I know just enough about myself to know I cannot settle for one of those simplifications which indignant people seize upon to make understandable a world too complex for their comprehension. Astrology, health food, flag waving, bible thumping, Zen, nudism, nihilism — all of these are grotesque simplifications which small dreary people adopt in the hope of thereby finding The Answer, because the very concept that maybe there is no answer, never has been, never will be, terrifies them.
The Great Divorce (Simon & Schuster: 1946), 44.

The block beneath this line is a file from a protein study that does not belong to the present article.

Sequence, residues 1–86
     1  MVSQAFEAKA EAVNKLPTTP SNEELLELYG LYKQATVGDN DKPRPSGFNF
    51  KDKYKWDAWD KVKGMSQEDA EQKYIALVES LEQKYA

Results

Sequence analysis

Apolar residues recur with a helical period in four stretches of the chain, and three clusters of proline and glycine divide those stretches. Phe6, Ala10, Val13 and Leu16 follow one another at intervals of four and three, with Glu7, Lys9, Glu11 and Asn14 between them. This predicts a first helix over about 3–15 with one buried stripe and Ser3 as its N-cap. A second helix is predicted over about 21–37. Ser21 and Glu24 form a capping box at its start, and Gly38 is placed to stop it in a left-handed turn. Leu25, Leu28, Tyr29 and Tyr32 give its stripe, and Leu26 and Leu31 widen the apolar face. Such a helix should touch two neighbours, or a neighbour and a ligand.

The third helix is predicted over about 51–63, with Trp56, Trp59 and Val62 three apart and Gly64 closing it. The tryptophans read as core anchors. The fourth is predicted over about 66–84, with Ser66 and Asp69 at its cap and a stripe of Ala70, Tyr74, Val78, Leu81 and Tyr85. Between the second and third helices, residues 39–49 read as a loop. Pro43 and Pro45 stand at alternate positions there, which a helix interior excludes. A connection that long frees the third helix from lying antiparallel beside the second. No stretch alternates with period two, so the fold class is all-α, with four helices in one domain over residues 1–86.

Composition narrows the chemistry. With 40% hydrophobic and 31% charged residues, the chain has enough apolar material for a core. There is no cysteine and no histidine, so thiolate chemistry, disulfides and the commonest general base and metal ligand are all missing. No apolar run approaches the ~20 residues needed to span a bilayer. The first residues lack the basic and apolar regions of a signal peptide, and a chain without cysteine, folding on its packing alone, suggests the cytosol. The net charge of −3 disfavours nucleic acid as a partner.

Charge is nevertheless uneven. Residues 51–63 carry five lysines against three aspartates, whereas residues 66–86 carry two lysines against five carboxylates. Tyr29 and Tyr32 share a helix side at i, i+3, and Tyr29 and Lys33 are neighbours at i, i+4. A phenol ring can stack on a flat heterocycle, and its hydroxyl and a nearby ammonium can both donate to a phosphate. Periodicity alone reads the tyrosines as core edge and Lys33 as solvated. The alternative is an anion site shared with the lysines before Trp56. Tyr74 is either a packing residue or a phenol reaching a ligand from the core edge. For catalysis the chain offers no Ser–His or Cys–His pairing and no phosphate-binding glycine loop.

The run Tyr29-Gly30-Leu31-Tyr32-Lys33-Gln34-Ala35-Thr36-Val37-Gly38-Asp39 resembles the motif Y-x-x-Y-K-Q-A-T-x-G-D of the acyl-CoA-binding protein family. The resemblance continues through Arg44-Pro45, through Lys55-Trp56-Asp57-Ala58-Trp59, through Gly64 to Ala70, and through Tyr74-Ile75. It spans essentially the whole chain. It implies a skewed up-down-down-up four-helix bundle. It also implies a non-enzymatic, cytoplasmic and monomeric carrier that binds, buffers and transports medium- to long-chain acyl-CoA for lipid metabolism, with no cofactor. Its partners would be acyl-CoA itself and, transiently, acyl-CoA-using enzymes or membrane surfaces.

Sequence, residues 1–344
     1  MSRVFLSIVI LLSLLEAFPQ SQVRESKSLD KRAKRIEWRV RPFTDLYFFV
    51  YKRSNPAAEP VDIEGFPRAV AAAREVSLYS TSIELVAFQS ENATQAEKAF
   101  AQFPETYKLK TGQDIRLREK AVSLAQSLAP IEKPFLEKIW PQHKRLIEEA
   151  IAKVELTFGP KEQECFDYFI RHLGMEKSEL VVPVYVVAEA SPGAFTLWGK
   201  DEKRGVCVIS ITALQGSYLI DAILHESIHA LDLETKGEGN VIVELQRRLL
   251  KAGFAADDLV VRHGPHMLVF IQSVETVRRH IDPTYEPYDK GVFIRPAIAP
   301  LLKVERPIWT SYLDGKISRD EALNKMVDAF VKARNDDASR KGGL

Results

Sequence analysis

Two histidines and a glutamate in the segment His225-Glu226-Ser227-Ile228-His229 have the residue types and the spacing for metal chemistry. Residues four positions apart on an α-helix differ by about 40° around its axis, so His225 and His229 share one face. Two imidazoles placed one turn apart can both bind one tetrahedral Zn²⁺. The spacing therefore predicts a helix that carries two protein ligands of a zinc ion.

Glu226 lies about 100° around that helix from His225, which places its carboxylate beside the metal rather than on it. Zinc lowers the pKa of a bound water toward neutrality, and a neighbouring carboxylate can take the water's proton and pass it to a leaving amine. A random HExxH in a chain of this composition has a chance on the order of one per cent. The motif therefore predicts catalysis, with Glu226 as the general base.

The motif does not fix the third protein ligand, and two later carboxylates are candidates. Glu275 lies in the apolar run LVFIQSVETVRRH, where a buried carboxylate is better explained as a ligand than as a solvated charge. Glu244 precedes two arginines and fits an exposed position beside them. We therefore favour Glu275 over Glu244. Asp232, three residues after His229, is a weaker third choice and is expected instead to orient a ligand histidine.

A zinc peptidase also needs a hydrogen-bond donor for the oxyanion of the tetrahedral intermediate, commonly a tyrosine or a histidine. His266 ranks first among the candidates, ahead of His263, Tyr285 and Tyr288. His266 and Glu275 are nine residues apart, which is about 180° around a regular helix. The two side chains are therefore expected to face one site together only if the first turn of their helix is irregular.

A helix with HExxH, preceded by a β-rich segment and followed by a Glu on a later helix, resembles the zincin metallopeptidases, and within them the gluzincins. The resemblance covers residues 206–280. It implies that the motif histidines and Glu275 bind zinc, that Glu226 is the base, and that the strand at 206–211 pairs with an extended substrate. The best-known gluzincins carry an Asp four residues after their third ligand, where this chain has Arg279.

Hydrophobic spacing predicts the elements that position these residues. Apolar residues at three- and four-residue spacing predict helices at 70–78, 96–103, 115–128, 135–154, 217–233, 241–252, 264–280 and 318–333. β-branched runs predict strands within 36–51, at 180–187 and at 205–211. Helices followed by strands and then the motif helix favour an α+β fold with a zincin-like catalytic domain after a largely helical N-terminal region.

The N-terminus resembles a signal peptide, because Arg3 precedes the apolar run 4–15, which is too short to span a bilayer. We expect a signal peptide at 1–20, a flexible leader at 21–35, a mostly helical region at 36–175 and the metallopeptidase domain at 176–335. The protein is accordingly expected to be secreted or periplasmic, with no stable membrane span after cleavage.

I can promise you none of these things. No atmosphere of inquiry, for I will bring you to the land not of questions but of answers, and you shall see the face of God. "Ah, but we must all interpret those beautiful words in our own way! For me there is no such thing as a final answer. The free wind of inquiry must always continue to blow through the mind, must it not? Prove all things, to travel hopeful is better than to arrive." If that were true, and known to be true, how could anyone travel hopefully? There would be nothing to hope for. "But you must feel yourself that there is something stifling about the idea of finality? Stagnation, my dear boy, what is more soul-destroying than stagnation?" You think that, because hitherto you have experienced truth only with the abstract intellect. I will bring you where you can taste it like honey and be embraced by it as by a bridegroom. Your thirst shall be quenched.